That was all. But that was enough. I hadn't grasped it yet; but it was what Paul, Dr. Jowett, and Dr. Adam, were trying to tell me about. Later, as I talked with Dr. Horton about my personal needs and difficulties, he said earnestly and simply, "Oh, Mr. Trumbull, if we would only step out upon Christ in a more daring faith, He could do so much more for us."
Before leaving Great Britain I was confronted once more with the thought that was beyond me, a Christ whom I did not yet know, in a sermon that a friend of mine preached in his London church on a Sunday evening, a young "Welsh minister, the Rev. Richard Roberts. His text was Philippians 1:21, ''To me to live is Christ." It was the same theme,—the unfolding of the life that is Christ, Christ as the whole life and the only life. I did not understand all that he said, and I knew vaguely that I did not have as my own what he was telling us about. But I wanted to read the sermon again, and I brought the manuscript away with me when I left him.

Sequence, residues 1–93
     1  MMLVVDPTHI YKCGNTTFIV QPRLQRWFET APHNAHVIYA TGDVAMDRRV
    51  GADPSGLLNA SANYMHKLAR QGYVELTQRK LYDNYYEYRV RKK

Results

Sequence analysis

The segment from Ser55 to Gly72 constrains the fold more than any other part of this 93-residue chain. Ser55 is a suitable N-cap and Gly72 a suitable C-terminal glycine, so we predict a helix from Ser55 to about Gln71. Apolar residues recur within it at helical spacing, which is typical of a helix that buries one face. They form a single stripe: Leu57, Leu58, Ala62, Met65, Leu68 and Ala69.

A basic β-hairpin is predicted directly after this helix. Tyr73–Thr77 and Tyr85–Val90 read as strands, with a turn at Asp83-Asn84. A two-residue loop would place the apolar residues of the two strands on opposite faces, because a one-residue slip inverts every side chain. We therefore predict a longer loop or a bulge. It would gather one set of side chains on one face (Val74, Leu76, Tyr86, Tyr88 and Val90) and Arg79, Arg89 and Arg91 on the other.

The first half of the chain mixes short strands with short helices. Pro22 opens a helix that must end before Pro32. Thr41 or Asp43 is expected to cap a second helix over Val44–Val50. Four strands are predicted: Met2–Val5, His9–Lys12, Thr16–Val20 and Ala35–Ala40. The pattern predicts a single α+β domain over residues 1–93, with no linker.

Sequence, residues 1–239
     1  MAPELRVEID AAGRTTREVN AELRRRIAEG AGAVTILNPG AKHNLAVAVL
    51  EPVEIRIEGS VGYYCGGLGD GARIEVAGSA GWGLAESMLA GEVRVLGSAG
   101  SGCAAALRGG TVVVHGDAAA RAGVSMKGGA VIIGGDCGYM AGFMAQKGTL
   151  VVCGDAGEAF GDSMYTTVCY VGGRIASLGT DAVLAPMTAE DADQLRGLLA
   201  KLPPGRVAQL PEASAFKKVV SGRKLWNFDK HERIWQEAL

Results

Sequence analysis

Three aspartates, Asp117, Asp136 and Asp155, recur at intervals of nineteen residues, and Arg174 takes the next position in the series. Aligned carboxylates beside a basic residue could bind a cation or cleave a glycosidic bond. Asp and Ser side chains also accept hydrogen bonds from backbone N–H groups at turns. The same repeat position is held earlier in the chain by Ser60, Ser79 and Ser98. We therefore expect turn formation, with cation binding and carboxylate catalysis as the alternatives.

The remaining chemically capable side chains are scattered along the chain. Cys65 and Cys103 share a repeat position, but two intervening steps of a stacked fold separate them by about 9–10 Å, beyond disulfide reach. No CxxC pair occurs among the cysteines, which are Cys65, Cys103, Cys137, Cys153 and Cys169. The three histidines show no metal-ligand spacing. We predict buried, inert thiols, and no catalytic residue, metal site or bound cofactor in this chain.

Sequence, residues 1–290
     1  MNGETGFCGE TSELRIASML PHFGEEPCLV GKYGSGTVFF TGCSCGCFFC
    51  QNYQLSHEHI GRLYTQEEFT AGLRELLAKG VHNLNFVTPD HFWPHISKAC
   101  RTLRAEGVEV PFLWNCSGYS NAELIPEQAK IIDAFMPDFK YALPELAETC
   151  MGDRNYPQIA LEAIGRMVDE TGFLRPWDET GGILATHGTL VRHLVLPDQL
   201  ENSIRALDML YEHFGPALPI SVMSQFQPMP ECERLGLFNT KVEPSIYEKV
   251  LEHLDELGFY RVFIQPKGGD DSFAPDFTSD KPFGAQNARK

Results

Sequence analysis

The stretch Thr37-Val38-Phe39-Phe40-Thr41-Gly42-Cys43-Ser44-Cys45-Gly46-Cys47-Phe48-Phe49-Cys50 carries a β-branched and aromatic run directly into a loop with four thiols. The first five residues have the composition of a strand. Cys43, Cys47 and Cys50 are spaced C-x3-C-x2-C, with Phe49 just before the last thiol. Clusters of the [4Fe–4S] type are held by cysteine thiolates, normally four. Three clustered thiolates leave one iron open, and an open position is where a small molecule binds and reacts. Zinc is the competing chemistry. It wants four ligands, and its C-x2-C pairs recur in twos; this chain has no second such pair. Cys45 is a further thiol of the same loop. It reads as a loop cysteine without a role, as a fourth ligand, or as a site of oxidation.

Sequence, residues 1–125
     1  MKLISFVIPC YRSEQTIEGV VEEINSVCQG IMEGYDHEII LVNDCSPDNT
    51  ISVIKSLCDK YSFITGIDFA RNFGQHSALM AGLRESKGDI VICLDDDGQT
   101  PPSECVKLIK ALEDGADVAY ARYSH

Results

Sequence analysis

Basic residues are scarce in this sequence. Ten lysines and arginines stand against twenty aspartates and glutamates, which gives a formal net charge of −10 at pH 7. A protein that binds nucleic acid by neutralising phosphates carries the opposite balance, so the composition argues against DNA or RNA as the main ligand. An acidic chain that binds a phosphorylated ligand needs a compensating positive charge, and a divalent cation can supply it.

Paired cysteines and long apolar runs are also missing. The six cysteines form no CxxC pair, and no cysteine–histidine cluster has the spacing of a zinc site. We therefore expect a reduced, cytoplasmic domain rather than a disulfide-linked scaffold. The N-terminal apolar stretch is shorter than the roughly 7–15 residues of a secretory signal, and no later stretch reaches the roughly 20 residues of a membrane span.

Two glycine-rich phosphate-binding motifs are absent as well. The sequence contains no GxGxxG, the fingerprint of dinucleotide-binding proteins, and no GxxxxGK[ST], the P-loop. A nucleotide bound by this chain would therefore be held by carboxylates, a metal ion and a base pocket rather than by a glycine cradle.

It was about the middle of August that a crisis came with me. I was attending a young people's missionary conference, and was faced by a week of daily work there for which I knew I was miserably, hopelessly unfit and incompetent. For the few weeks previous had been one of my periods of spiritual let-down, not uplift, with all the loss and failure and defeat that such a time is sure to record. The first evening that I was there Bishop Oldham, of India, spoke on the Water of Life. He told us that it was Christ's wish and purpose that every follower of His should be a wellspring of living, gushing water of life all the time to others, not intermittently, not interruptedly, but with continuous and irresistible flow. We have Christ's own word for it, he said, as he quoted, "He that believeth on me, from within him shall flow rivers of living water." He told how some have a little of the water of life, bringing it up in small bucketfuls and at intervals, like the irrigating water-wheel of India, with a good deal of creaking and grinding, while from the lives of others it flows all the time in a life-bringing, abundant stream that nothing can stop. And he described a little old native woman in India whose marvelous ministry in witnessing for Christ put to shame those of us who listened. Yet she had known Christ for only a year.